Skin Cancer (Non-Melanoma): Latest Research

Approved by the Cancer.Net Editorial Board, 02/2022

ON THIS PAGE: You will read about the scientific research being done to learn more about non-melanoma skin cancer and how to treat it. Use the menu to see other pages.

Doctors are working to learn more about keratinocyte carcinoma and Merkel cell cancer, ways to prevent them, how to best treat them, and how to provide the best care to people diagnosed with these diseases. The following areas of research may include new options for patients through clinical trials. Always talk with your doctor about the best diagnostic and treatment options for you.

  • EGFR inhibitors for advanced or metastatic squamous cell carcinoma. A tumor protein known as the epidermal growth factor receptor (EGFR) causes many squamous cell carcinomas to grow out of control. Several clinical trials are investigating whether combining radiation therapy with drugs that target EGFR can help treat advanced or metastatic disease.

  • Additional hedgehog pathway inhibitors for advanced basal cell carcinoma. Researchers are developing new hedgehog pathway inhibitors to treat advanced basal cell carcinoma that cannot be treated with surgery or radiation therapy.

  • Combining hedgehog pathway inhibitors with other therapies. Researchers are testing whether combining hedgehog inhibitors with other treatments, such as surgery and radiation therapy, would be helpful in treating basal cell carcinomas that are difficult to cure.

  • Immunotherapy. As outlined in Types of Treatment, immunotherapy medications are actively being studied for certain non-melanoma skin cancers, including Merkel cell cancer. These medications are usually given through a vein, and their effects can last a long time.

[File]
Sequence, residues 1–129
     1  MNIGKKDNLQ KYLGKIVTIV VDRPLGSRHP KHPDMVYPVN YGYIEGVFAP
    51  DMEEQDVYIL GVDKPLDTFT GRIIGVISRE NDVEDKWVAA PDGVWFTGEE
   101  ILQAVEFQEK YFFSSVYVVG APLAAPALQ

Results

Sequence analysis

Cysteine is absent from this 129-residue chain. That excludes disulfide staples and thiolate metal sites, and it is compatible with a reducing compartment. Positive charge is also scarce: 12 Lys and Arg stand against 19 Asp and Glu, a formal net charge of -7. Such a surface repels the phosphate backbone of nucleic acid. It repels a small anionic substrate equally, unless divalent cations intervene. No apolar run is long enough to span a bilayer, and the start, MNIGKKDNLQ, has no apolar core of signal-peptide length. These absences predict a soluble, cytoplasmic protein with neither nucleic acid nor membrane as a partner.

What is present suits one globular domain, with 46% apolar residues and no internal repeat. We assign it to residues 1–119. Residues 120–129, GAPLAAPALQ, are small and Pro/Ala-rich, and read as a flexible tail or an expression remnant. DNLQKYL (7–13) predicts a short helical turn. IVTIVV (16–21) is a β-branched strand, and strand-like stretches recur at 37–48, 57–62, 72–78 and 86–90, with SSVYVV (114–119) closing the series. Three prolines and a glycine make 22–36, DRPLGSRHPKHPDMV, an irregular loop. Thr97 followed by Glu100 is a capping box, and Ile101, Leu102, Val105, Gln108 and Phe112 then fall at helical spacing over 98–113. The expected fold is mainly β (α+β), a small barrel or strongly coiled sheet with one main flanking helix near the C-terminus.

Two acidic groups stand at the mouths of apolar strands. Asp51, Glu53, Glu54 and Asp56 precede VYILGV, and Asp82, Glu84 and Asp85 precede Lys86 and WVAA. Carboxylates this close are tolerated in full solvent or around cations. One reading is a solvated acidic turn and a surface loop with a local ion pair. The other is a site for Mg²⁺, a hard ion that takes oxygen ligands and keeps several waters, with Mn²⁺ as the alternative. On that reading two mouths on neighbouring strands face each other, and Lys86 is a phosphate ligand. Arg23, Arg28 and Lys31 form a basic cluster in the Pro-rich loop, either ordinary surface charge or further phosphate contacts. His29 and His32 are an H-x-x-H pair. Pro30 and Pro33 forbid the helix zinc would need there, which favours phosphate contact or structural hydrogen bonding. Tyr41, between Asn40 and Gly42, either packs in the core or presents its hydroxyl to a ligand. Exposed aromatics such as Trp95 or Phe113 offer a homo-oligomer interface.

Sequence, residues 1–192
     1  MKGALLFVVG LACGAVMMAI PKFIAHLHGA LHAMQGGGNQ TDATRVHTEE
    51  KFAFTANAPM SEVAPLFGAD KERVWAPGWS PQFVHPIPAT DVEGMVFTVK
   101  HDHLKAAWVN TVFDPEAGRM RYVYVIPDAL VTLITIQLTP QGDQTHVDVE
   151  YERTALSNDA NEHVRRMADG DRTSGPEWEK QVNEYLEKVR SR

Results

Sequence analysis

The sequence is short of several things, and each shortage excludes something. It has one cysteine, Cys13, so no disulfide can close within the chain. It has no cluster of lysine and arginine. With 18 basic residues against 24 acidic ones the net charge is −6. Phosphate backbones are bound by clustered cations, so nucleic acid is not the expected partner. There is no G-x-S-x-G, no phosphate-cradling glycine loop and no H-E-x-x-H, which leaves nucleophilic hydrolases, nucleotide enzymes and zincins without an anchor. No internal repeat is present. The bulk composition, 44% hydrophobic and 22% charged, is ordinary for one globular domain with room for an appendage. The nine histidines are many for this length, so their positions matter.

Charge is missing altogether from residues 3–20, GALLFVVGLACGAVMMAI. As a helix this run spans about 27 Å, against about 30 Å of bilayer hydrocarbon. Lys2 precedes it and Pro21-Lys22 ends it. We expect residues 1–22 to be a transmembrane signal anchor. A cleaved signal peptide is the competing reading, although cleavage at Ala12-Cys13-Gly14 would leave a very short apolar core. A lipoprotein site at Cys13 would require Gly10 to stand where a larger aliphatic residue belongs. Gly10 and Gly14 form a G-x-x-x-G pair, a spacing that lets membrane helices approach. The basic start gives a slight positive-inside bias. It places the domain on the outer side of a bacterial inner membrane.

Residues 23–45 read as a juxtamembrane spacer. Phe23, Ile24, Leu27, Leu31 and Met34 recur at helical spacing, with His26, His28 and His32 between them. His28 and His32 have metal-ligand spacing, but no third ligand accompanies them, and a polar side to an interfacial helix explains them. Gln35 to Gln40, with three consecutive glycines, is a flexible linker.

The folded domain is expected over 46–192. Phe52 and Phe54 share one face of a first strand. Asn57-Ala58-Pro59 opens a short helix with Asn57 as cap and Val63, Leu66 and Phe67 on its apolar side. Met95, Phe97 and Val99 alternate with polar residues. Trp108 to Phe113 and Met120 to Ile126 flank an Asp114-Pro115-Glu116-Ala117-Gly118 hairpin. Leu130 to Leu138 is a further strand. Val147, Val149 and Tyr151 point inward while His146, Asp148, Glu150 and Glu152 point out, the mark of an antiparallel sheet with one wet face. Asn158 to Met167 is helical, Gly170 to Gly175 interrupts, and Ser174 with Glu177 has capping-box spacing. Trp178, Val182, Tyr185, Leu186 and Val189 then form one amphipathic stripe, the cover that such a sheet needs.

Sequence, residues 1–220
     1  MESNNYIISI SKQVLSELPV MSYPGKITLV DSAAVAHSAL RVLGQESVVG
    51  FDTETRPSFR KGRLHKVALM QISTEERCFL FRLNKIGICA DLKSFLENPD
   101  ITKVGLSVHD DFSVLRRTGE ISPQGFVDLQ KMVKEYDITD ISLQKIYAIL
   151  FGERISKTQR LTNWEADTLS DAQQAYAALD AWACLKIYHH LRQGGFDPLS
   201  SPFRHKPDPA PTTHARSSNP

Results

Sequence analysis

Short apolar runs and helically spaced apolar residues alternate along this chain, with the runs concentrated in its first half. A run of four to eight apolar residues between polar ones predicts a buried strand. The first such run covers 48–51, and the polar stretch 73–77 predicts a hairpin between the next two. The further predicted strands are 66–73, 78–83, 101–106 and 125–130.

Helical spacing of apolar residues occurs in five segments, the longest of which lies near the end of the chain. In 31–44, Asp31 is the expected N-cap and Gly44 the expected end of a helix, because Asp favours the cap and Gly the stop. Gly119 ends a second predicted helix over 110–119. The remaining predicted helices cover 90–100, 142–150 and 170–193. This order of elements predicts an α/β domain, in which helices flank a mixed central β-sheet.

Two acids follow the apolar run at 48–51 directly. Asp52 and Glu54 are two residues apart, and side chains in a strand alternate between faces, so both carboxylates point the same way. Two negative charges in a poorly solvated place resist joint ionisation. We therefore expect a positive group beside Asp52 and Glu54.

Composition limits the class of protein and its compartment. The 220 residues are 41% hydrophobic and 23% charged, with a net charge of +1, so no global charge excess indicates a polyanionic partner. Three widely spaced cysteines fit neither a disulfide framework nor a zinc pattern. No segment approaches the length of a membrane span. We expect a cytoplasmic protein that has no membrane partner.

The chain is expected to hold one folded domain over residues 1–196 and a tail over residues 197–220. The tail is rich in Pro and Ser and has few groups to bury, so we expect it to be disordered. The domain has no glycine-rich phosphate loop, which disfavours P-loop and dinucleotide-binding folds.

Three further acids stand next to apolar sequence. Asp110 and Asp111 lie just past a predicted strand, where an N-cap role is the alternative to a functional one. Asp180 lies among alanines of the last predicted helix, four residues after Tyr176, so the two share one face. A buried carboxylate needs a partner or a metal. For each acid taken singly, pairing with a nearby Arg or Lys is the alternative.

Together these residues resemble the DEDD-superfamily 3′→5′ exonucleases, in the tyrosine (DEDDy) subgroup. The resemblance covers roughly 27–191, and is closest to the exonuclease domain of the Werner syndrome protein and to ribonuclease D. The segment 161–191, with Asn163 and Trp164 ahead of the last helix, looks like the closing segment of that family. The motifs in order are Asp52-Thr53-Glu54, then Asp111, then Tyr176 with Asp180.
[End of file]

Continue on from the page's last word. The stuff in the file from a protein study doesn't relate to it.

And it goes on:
• Merkel cell polyomavirus (MCV). As described in Risk Factors and Prevention, MCV is present in most but not all Merkel cell cancer tumors. Researchers continue to investigate the link between this common virus and this uncommon type of tumor, including whether the presence or absence of the virus in a tumor could result in different treatment approaches.

  • Palliative care/supportive care. Clinical trials are underway to find better ways of reducing symptoms and side effects of current skin cancer treatments to improve comfort and quality of life for patients.

Looking for More About the Latest Research?

If you would like more information about the latest areas of research in non-melanoma skin cancer, explore these related items that take you outside of this guide:

The next section in this guide is Coping with Treatment. It offers some guidance on how to cope with the physical, emotional, social, and financial changes that cancer and its treatment can bring. Use the menu to choose a different section to read in this guide.